Neuroscience has some good news for both readers and writers of fiction – really! “Your Brain on Fiction” by Annie Murphy appeared in 2012, but I wasn’t aware of the article until recently.
“Brain scans are revealing what happens in our heads when we read a detailed description, an evocative metaphor or an emotional exchange between characters. Stories, this research is showing, stimulate the brain and even change how we act in life.”
Why is this significant? In the age of gaming and constant visual stimulation and entertainment, it seems the old standby of reading has more value than we thought (yes, even eBooks!). Did you ever wonder why you enjoy reading? This article goes on to explain what it is about fiction which activates the brain and brings pleasure. Authors take note – this research has direct bearing on story creation and character development!
To be honest, I am still trying to fully integrate the use of all five senses in my writing and have made some progress. On the surface, it is understood that doing so makes a better story and promotes the “show vs. tell” concept writers are continuously reminded to use. Now, research lends credence to what the writing gurus have been saying.
- Science provides concrete evidence that the use of descriptive terms with strong odor associations, for example, such as cinnamon, lavender, and coffee, light up the olfactory cortex.
- A similar brain response was noted in the sensory cortex in phrases involving texture, such as “The singer had a velvety voice” or “He had leathery hands”.
- Sentences which describe motion like “John grasped the object” or “Pablo kicked the ball”, activated regions of the motor cortex.
Apparently, the brain makes little distinction between reading about an experience and encountering it in real life, since in each case the same neurological regions are stimulated. Fiction actually goes above and beyond, providing a replica of reality by allowing readers to experience their characters thoughts and feelings. Even more intriguing, the brain tends to treat the interactions among fictional characters something like real-life social encounters, improving empathy and social skills.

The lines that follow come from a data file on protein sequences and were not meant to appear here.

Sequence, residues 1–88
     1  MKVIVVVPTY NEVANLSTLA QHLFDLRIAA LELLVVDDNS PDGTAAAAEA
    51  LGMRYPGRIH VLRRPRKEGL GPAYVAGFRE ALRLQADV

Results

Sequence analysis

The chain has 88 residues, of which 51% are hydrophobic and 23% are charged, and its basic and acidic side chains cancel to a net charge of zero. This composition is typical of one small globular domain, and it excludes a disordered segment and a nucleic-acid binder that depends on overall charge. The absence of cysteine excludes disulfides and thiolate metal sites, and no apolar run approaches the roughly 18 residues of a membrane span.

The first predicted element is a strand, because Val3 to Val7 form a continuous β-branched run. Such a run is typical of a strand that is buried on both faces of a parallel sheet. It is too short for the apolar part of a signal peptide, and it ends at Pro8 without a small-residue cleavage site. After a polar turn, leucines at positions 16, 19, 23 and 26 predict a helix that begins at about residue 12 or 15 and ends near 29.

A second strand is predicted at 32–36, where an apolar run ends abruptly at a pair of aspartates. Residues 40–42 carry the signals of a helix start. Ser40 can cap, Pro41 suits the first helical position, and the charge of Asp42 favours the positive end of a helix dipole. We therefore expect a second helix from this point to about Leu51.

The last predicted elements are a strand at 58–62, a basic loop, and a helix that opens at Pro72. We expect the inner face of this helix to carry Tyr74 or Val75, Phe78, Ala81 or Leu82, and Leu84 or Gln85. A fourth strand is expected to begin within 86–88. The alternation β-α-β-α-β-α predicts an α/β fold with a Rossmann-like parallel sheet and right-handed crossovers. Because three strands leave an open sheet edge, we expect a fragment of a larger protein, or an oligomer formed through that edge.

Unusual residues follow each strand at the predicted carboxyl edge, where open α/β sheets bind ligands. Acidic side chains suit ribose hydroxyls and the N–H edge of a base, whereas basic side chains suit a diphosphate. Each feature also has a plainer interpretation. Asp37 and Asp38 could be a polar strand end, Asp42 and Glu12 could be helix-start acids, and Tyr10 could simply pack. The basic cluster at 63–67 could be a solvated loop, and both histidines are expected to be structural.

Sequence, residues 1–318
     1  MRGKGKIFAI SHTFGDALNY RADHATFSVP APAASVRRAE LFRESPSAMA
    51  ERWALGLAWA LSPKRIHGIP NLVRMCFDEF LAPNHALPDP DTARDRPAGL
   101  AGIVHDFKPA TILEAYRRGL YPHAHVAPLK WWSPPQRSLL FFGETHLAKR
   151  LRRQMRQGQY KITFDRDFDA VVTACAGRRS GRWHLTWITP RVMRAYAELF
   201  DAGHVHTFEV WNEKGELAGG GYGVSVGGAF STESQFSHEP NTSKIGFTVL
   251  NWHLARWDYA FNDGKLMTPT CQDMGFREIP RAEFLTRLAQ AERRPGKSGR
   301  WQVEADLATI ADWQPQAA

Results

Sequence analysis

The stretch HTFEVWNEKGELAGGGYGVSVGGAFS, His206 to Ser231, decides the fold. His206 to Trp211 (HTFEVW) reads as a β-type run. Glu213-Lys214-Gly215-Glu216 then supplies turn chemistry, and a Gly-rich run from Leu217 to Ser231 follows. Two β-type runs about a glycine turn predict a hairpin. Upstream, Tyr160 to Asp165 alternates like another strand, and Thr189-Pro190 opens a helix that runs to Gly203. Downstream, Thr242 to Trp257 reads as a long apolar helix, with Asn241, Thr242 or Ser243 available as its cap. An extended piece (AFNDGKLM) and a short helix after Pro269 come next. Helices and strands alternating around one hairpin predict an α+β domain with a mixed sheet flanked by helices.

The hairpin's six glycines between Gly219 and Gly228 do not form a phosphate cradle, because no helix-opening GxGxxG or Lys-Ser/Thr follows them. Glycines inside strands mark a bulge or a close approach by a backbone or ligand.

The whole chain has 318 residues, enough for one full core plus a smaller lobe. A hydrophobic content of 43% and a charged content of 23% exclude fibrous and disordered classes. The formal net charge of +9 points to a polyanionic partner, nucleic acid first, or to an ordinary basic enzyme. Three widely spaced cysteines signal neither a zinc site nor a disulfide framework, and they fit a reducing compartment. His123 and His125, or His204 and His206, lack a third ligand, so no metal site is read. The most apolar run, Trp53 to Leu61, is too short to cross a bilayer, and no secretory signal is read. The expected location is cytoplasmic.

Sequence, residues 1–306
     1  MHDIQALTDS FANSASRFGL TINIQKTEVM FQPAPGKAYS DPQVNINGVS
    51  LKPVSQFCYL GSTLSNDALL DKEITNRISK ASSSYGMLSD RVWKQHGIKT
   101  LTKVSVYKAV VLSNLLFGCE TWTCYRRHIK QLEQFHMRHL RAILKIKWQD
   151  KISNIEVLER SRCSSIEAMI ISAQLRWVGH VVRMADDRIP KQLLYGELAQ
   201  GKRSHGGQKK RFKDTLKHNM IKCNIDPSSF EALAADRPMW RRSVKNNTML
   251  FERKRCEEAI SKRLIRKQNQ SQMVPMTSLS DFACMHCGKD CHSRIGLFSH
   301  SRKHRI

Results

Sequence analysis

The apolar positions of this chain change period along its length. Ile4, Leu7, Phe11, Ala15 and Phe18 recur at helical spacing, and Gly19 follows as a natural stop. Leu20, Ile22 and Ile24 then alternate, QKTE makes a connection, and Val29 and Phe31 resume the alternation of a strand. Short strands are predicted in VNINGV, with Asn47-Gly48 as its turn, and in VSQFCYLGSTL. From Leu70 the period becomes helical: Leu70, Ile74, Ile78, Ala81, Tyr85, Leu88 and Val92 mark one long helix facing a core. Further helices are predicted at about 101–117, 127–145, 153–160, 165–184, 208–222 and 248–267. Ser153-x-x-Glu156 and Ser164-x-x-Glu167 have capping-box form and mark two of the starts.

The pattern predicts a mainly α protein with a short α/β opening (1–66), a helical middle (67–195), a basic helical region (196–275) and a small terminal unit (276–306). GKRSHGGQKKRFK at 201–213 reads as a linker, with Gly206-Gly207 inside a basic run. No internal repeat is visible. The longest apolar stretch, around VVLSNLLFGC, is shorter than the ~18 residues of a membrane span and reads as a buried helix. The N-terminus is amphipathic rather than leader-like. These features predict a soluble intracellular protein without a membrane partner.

“Narratives offer a unique opportunity to engage this capacity, as we identify with characters’ longings and frustrations, guess at their hidden motives and track their encounters with friends and enemies, neighbors and lovers.”
For fiction writers, this research provides powerful encouragement and motivation. We must craft our stories with care, paying special attention to word choices and descriptions which engage all the senses, thereby transporting readers directly into the narrative. They crave it, demand it even, and we have the ability to give it to them. Our work then becomes more than mere entertainment but an exercise in brain stimulation and improved social interactions.
In the process, we create loyal fans who will not only enjoy our work but who will spread the word to others looking for a great piece of fiction. Think about that the next time you prepare to write!